At Wed, 28 Nov 2018 03:13:16 -0800 (PST), Tony Garnock-Jones wrote:
> On Wednesday, November 28, 2018 at 2:43:26 AM UTC, Matthew Flatt wrote:
> >
> > The compilers in both cases know some facts about how `cons` relates to 
> > other primitives, but they also know how structure constructors and 
> > accessors relate, so it's not as big a difference at that level. 
> >
> There are also some runtime differences, right? For example, the 
> optimisation that reduces m invocations of `length` on the same length-n 
> list from O(mn) to O(m).

Yes, that's special handling for pairs in the sense that the
traditional Racket implementation takes advantage of leftover bits in a
pair object, and it uses two of them for "is a list" and "not a list".

Racket-on-Chez doesn't have the extra bits to work with, so "is a list"
and "not a list" information is recorded separately in an `eq?`-based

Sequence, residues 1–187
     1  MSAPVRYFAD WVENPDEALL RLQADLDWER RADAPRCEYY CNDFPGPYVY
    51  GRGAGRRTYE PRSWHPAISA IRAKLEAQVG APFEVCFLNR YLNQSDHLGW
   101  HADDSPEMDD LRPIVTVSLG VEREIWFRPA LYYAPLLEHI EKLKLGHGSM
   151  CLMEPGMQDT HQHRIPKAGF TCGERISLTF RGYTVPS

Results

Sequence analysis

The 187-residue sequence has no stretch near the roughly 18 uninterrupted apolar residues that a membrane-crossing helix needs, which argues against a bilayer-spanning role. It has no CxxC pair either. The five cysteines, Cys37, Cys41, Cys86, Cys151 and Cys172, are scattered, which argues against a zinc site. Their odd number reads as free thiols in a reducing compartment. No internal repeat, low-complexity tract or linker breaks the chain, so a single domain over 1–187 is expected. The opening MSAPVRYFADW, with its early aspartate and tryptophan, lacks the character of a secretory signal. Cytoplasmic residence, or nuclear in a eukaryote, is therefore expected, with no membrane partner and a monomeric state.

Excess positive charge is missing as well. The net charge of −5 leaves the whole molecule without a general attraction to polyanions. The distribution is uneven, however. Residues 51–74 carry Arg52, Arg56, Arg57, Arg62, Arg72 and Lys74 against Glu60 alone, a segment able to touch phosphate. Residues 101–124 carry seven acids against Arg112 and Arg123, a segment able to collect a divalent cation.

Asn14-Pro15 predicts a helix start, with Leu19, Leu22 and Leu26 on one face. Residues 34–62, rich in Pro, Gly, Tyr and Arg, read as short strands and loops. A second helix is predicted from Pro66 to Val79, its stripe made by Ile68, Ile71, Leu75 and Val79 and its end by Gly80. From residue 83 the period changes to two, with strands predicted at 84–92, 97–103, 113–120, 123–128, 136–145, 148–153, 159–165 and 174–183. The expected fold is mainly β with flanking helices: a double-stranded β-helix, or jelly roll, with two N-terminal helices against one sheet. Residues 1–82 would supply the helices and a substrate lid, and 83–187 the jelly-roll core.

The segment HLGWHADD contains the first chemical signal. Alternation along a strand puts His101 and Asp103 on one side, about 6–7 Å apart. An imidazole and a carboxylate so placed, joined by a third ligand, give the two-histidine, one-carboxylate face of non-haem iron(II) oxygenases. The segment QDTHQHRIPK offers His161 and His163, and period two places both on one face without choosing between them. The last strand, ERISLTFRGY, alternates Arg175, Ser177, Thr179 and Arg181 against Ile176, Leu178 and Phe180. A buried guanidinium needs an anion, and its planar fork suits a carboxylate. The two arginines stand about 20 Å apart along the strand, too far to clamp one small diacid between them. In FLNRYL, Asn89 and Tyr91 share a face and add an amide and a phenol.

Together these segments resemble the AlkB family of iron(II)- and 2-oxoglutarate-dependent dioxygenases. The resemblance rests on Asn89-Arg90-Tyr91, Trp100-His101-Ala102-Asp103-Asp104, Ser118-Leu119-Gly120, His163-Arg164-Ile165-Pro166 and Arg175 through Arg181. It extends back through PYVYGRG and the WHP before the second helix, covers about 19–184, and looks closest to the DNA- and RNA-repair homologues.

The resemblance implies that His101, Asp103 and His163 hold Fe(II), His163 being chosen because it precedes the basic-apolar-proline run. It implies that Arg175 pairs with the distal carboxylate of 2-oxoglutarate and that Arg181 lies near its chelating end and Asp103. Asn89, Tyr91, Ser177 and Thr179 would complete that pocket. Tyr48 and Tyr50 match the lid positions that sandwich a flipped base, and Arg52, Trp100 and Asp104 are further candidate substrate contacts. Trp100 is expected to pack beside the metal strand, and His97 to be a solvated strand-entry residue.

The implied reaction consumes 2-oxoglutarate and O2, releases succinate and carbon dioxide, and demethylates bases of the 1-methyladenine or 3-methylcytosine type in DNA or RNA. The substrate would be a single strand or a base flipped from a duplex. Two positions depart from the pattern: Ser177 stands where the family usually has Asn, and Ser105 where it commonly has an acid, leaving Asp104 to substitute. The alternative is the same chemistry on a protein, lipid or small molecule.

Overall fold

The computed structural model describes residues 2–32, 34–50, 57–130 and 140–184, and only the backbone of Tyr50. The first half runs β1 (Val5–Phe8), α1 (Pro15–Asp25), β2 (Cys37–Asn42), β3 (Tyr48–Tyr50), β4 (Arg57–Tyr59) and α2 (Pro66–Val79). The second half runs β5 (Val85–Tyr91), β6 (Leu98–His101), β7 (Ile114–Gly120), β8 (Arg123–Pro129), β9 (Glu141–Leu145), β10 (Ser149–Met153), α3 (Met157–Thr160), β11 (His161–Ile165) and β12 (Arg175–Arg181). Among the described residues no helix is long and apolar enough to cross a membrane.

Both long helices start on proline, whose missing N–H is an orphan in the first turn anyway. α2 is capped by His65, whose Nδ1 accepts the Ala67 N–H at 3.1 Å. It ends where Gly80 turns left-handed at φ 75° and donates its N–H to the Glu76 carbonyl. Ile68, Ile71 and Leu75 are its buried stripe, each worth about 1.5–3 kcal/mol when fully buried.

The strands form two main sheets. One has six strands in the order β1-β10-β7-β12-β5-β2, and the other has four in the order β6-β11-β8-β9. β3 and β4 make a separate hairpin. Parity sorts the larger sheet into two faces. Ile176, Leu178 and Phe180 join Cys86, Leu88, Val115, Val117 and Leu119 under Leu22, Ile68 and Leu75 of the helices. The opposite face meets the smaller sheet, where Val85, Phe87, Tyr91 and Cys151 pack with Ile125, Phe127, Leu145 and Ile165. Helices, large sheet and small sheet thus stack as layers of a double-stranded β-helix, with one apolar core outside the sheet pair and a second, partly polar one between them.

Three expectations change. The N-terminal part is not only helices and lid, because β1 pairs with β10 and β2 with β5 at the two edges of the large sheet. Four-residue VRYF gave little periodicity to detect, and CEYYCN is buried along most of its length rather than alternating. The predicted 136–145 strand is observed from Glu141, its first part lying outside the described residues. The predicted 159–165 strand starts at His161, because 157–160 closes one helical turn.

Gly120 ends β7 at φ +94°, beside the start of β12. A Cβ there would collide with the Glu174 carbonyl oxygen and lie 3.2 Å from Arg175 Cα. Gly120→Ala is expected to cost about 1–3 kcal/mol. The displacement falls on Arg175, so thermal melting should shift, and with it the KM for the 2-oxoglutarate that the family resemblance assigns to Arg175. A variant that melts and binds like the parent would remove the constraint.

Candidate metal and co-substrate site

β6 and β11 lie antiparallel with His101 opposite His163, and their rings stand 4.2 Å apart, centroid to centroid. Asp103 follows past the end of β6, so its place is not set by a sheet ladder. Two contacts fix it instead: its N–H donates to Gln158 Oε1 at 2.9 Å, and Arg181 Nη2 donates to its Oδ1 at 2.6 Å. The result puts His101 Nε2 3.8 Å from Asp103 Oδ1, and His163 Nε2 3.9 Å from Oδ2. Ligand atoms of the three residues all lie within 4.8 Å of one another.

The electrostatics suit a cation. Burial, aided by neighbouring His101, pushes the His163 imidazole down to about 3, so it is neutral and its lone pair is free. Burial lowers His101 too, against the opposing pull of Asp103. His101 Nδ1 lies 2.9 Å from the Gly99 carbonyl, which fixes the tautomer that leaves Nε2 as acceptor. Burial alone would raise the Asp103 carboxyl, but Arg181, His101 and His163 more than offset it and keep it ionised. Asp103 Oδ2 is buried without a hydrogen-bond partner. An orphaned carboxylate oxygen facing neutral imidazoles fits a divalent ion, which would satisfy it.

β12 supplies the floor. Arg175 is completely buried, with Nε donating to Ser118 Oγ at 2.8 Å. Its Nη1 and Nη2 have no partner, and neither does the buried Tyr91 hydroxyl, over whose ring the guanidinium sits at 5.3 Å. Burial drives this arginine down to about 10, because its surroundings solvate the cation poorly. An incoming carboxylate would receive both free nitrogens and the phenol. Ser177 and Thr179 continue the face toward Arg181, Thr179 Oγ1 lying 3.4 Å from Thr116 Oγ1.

hash table.

> Is there anything else interesting like that in there?

I can't think of any other way that the representation of pairs is
exploited like that.

Some list primitives take advantage of special support or knowledge
about the GC. For example, Chez Scheme can allocate a small list using
a single pointer bump for allocation, making a contiguous sequence of
pairs and then filling in those pairs to chain them together.

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